Madgeling Games opens for business

art+by+Anna+Sheals

art by Anna Sheals

Adam Schoelz

art by Anna Sheals

On the quieter side of Providence Road, almost hidden behind the Music Suite at 1906 North Providence, is a store that defies expectations. A small awning over a glass door offers only a peek, revealing games and cards, but not much to grab the eye.

Inside the store, however, is a personal experience, filled with people playing games together.

The store, Magelings Games, is the project of Columbia Area Career Center teacher Nathaniel Graham and opened April 18. Its purpose, he said, beyond sales, money or moving inventory, is bringing people together.

“Some folks will say, ‘Yeah, they’re just sitting around playing games,’ you know, waste of time, but really it builds a lot of social skills. It builds a lot of self-confidence,” Graham said. “You’re physically there with someone, and you’re each sharing a passion.”

Magelings, he said, is a way to bring a pastime of his and many other people to the forefront. Graham said he had been playing tabletop games, sophisticated games that range from role-playing to total war, since the 1980s. Although Columbia currently has a couple of stores catering to the tabletop market, like Vahalla’s Gate, Graham said there is no place for people of all ages to go and play games; with Magelings, he hopes to remedy that.

Graham said the store will carry several systems even he hasn’t played before in an effort to appeal to a wider audience. “Systems” are tabletop games. The first system and perhaps most widely known tabletop game is Dungeons and Dragons, first released in 1974. It blossomed out of the growing popularity of organizations such as the Society for Creative Anachronism, while adding fantasy elements to the strictly history-focused SCA.

For junior Owen Thorpe, D&D was a defining game of his childhood; he has been playing since he was six years old.

“I think one of the good social aspects of [tabletop games] is that most people see it as this ridiculously nerdy thing that a lot of people are serious about,” Thorpe said. “But a lot of the time I use it as a time to mess around and harass my friends.”

Thorpe said Magelings was a great idea. Beyond the ease of access the store would offer for hard-to-find products, he said it helps overcome the insularity some games encourage. Tabletop roleplaying games such as D&D are typically played with a circle of close friends.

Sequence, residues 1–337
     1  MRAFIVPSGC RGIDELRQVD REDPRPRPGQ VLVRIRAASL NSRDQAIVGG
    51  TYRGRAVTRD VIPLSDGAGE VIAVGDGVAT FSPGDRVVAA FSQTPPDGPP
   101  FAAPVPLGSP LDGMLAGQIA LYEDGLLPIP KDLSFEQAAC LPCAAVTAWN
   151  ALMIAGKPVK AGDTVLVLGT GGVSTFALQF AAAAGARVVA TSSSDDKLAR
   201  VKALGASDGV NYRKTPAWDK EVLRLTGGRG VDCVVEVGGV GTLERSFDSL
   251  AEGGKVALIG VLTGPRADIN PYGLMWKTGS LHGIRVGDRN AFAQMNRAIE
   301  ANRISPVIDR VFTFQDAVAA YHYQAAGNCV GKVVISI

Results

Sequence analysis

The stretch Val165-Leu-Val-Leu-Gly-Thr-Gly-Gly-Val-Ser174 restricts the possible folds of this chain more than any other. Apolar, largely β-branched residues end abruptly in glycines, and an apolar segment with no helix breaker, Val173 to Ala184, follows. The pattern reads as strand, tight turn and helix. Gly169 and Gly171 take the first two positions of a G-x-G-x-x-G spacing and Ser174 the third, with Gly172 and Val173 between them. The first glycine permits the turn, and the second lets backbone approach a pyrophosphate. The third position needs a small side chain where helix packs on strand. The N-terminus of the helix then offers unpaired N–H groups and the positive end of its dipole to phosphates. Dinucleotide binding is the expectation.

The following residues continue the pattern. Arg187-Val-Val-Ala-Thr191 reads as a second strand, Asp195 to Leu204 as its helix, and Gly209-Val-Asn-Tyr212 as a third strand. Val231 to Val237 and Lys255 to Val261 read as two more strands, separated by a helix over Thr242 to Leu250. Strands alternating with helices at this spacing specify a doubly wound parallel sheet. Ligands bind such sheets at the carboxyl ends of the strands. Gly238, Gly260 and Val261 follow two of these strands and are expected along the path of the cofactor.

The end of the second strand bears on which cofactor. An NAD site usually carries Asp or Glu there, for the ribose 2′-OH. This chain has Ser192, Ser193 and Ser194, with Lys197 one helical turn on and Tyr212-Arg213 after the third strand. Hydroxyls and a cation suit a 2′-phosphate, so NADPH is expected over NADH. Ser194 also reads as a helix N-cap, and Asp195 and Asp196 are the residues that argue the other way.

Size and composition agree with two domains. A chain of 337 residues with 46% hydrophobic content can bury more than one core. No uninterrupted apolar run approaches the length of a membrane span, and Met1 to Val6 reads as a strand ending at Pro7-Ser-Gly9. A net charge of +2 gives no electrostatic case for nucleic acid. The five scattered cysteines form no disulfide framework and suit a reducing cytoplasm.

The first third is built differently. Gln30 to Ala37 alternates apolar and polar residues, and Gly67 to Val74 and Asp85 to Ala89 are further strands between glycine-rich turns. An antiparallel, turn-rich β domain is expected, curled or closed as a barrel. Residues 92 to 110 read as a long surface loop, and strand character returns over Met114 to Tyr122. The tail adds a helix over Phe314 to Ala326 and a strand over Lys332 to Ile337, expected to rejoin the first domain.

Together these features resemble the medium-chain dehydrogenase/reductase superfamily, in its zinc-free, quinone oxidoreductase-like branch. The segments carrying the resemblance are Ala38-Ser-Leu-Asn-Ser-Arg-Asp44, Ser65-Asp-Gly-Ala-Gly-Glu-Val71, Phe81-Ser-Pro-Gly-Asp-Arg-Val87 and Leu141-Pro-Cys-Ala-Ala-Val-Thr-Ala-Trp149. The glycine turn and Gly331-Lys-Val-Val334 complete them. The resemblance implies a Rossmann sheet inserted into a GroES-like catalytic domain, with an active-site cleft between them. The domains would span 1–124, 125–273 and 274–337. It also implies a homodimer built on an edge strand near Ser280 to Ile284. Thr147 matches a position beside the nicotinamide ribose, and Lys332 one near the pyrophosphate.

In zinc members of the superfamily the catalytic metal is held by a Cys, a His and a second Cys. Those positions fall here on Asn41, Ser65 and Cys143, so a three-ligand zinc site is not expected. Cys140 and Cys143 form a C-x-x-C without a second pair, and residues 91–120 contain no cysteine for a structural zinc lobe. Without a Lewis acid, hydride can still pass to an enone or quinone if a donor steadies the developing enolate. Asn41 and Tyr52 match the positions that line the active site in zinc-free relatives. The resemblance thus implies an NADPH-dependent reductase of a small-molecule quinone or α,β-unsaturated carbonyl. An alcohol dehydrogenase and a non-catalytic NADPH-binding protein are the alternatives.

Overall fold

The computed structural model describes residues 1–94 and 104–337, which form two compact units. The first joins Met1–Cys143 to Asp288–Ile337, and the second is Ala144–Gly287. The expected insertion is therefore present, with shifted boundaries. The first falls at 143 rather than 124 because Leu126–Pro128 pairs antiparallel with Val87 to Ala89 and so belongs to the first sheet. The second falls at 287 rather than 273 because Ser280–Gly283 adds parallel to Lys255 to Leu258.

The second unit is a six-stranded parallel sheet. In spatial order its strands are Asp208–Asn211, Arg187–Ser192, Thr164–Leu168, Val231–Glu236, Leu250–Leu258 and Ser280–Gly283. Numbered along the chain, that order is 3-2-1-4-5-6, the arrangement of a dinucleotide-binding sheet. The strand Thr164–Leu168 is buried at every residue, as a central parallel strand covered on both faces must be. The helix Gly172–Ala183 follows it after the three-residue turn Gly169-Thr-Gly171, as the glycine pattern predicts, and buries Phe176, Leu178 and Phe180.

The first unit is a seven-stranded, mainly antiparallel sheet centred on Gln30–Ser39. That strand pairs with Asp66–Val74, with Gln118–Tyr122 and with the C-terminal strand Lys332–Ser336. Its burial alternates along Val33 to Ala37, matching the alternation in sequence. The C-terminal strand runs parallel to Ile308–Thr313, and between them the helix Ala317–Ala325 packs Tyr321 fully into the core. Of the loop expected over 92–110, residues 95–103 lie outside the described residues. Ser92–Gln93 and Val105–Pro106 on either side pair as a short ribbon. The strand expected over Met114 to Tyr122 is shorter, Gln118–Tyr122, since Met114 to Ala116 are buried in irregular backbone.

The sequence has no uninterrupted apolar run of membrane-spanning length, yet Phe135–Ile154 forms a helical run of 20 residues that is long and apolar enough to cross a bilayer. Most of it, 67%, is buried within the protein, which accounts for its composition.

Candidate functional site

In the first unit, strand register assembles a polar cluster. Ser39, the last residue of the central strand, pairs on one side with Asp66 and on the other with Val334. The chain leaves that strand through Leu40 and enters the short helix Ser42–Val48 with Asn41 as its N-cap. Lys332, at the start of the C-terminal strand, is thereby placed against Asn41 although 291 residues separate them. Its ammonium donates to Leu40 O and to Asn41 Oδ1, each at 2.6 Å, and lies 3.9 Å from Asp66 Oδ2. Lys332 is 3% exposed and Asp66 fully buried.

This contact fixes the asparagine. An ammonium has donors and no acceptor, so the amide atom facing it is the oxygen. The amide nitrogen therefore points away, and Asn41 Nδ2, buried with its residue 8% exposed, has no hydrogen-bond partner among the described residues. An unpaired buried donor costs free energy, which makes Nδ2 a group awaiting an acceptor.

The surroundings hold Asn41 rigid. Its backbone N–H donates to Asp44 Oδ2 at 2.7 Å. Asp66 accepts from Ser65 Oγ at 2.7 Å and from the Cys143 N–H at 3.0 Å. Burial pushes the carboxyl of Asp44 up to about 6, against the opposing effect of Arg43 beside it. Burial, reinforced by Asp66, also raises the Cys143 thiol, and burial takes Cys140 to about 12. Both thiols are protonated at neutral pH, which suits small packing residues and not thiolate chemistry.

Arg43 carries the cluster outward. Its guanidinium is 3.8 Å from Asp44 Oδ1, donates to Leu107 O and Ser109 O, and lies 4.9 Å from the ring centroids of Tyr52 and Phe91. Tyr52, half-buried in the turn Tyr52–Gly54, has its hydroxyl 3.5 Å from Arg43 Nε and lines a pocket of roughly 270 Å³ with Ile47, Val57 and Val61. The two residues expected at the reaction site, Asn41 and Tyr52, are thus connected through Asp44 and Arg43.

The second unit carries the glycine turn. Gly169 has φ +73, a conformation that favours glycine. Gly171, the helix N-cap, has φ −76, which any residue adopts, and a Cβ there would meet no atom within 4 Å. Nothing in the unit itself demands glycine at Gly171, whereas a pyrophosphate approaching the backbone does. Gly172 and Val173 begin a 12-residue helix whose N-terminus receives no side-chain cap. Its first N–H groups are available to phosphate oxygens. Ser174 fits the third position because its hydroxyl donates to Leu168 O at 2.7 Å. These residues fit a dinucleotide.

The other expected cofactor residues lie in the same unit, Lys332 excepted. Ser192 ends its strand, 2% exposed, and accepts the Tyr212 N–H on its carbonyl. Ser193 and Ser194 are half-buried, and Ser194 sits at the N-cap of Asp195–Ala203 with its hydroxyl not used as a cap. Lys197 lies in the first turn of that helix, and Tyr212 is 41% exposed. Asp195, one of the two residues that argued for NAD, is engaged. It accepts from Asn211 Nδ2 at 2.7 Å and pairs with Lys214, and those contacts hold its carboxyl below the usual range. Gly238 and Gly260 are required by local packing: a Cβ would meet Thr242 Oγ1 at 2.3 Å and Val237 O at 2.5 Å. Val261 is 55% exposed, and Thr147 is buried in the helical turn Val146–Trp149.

“Having a place for people to actually play and get together is good,” Thorpe said. “It gets them out of their own social circles while playing.”

As some games can encourage insularity, the store offers many social gaming events. However, Graham said they will not be without some learning. In addition to requiring quick mathematics skills, he said gamers learn from each other.

“It’s applied mathematics, actually,” Graham said. “A lot of game systems have a lot of backend mathematics that runs probabilities. When you sit down and play Warhammer, for example, there’s a lot of number crunching going on, but it’s behind the scenes, and it’s in a way that’s intuitive for people to use.”

When it comes to crunching numbers, Graham is aware now might not be the best time to open a store. But though the economy is in a slump, that doesn’t worry Graham. His day job, teaching programming at the CACC, will help cover the costs, and Graham said his main priority was engaging the community. Down the road, he said, there may even be room for expansion.

“This just needs to stay open; that’s it. People come in, have fun. We’ll float, and if we go nutterbutters rich we’ll find some way to thank the community,” Graham said. “I would like to see something even bigger, even at 3,300 square feet. I want something bigger. I want to be able to have 150 people in at once and having fun and going at it.”
By Adam Schoelz